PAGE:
Labeling of sarcomeric actinin was similar to that of troponin. However, both pericapillary pericytes and mural blood vessel cells in the anterolateral region were negative for sarcomeric actinin in blood vessels that were deeply embedded in the fibrotic scar matrix and that remained distant from cardiomyocyte bundles. The same cells located in vessels adjacent to or embedded between the cardiomyocyte bundles were positive for sarcomeric actinin, as were the isolated cells or small groups of fibroblastoid cells (Figures 5B and 5C). Some of these cells had increased in size and, in their central region, disclosed sarcomeric actinin that was already organized in the typical banded pattern of sarcomeres (Figures 5D and 5E). In this central region, isolated cells barely larger than pericytes could be observed; only a few sarcomeres were present, suggesting that those isolated cells had acquired some cardiomyocyte characteristics (Figure 5F).
The Ki67 antibody, which identifies cells actively engaged in replication, reacted only rarely with endothelial cells in the posterior wall. In the anterolateral region, the Ki67 antibody also reacted with pericapillary pericytes and with isolated fibroblastoid cells in the surrounding fibrotic matrix (Figure 3F). The overall cell reactivity with Ki67 antibody was relatively low.
Accumulating evidence from both experimental animal studies4–6 and human trials7–9 indicates that ABMM cell therapy improves myocardial perfusion in patients with ischemic heart disease. At the same time, clinical stem cell therapy research is focusing more on safety than on efficacy. The present report describes the postmortem study of one patient who underwent transendocardial injection of ABMM cells. Accordingly, the major findings in this report pertain to the procedure’s safety: No abnormal or disorganized tissue growth, no abnormal vascular growth, and no enhanced inflammatory reactions were observed. In addition, some intriguing histological and immunohistochemical findings were documented: (1) There was a higher capillary density in the cell-treated area than in nontreated areas of the heart. (2) A proliferation of smooth muscle α-actin–positive pericytes and mural cells was noted. (3) The aforementioned cells expressed specific cardiomyocyte proteins.
In the postnatal period, new blood vessels form through either vasculogenesis or angiogenesis, in which proliferation of endothelial cells is followed by remodeling of the extracellular matrix and proliferation of blood wall cells.13–15 Endothelial cells can result from bone marrow–derived progenitors (postnatal vasculogenesis) or from the migration and proliferation of endothelial cells from existing vessels (angiogenesis).16 Mural cells such as pericytes and smooth muscle cells can be derived from bone marrow mesenchymal cells (stroma), myofibroblasts, and/or fibroblasts.17 In the neoangiogenic process, pericytes are derived either from cells of adjacent tissues (mobilized by growth factors produced by endothelial cells) or from proliferation of adventitial and pericapillary pericytes and their distal gliding on the abluminal side of the growing blood vessel’s basement membranes.13 The alternative origination of pericytes from mesenchymal stem cells has been proposed and preliminarily confirmed in experimental models.18 Pericytes may be essential to achieve a physiological angiogenic process with resultant durable blood vessels. In the present case, when compared with the noninjected regions, the cell-injected wall had marked hyperplasia of pericytes and mural cells. The observed hypertrophic pericytes displayed 2 characteristics: First, although still located in the vascular wall, they expressed specific myocardial proteins and second, they were found in locations that suggested detachment, having migrated into the adjacent tissue and reached proximal cardiomyocytes that were either isolated or in small cell clumps. Closer to cardiomyocytes, the expression of myocardial proteins was enhanced, yielding brighter immunostaining throughout the whole cytoplasm. The significance of these findings remains to be established. However, within the posterior wall, none of the findings was seen, and small blood vessels could only rarely be found.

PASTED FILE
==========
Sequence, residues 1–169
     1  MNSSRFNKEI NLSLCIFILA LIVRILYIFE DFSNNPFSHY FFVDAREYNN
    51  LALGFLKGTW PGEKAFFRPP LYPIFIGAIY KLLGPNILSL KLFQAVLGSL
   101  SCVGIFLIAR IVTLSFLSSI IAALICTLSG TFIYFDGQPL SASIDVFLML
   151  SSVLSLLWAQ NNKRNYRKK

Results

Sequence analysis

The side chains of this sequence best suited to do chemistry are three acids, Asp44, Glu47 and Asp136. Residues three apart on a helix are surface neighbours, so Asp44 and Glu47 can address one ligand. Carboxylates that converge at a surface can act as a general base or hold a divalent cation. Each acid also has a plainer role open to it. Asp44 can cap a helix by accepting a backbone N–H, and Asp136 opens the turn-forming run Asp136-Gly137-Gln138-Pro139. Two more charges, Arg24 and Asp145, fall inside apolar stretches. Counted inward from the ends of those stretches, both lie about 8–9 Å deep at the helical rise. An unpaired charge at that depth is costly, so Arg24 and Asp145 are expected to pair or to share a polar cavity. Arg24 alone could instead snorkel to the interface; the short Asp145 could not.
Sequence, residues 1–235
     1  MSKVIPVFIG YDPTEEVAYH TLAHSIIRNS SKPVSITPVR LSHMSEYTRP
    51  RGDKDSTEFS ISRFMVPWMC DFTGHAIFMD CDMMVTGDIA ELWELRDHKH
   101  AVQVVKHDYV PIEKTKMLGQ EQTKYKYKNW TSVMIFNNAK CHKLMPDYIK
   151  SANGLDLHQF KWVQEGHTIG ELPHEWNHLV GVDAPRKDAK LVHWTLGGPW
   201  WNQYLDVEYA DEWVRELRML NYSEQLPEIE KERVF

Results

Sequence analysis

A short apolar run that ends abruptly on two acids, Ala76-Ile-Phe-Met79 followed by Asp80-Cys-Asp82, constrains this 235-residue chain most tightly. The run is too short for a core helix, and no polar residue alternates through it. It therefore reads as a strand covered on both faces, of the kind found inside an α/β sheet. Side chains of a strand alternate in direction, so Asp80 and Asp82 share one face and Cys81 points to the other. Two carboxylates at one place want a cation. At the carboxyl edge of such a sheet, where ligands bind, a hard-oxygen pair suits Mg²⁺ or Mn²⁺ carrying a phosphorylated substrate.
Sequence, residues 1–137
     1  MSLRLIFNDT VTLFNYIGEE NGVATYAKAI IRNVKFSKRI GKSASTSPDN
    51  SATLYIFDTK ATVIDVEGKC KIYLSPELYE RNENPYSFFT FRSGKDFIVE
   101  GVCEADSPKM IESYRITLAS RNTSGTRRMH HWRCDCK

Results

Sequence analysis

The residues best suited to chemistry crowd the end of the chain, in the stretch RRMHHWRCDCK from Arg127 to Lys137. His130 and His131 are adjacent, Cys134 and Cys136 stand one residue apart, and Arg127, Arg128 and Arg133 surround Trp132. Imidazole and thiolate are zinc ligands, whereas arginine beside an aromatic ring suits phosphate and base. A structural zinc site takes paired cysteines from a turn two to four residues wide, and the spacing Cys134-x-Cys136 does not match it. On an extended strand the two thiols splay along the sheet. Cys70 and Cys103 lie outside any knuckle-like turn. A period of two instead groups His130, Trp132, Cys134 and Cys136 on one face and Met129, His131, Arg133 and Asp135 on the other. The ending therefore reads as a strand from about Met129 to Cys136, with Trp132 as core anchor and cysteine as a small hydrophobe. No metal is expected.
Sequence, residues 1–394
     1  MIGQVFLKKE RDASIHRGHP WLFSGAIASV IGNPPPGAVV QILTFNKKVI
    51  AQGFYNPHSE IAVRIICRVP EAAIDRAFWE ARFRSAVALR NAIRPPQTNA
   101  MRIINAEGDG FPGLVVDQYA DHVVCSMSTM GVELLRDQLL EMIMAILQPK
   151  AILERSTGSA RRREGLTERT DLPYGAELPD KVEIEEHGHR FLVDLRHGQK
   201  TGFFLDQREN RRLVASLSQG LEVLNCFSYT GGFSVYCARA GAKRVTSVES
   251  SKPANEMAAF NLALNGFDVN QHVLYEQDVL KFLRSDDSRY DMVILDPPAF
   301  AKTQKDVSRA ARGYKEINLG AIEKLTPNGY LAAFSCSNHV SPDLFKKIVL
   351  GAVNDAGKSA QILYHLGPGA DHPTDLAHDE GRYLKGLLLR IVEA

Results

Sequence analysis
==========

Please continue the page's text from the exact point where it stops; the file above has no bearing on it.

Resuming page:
Notwithstanding the aforedescribed data, the present report has limitations that severely restrict our ability to make conclusions about the role of ABMM cells in myocardial regeneration. The findings could have occurred by chance. It is impossible to exclude the influence of a natural recovery process as the cause for the difference in vascular density between cell-treated and nontreated areas. Comparisons of capillary density among different sections of wall were based on specimens from a single patient. Moreover, this is an isolated, uncontrolled case involving late events after injection of unlabeled cells; it precluded the use of any imaging technique that could have helped to colocalize and identify the presence of stem cell direct descendants within the vessel wall or myocardium. Therefore, the significant difference in vascular density between cell-treated and nontreated areas cannot be extrapolated to a larger population of similar patients. However, the increased vascular density within the cell-injected anterolateral wall accompanied that wall’s improvement in perfusion as assessed by SPECT, whereas all other walls remained unchanged.
At 11-month follow-up evaluation, stem cell therapy was not associated with any adverse histological findings. Morphological and immunohistochemical analysis of the area that underwent ABMM cell implantation suggested that that area had more capillaries than nontreated areas and that ABMM cell therapy was associated with hyperplasia of pericytes, mural cells, and adventitia. Some of these cells had acquired cytoskeletal elements and contractile proteins (desmin, troponin, and sarcomeric actinin).
The authors thank L. Maximilian Buja, MD, and Silvio Litovsky, MD, for reviewing the pathological findings; Marianne Mallia-Hughes, ELS, and Virginia Fairchild of the Section of Scientific Publications of the Texas Heart Institute, for editorial assistance; and William K. Vaughn, PhD, for assistance with statistical questions.
↵*Drs Dohmann and Perin are coprincipal investigators.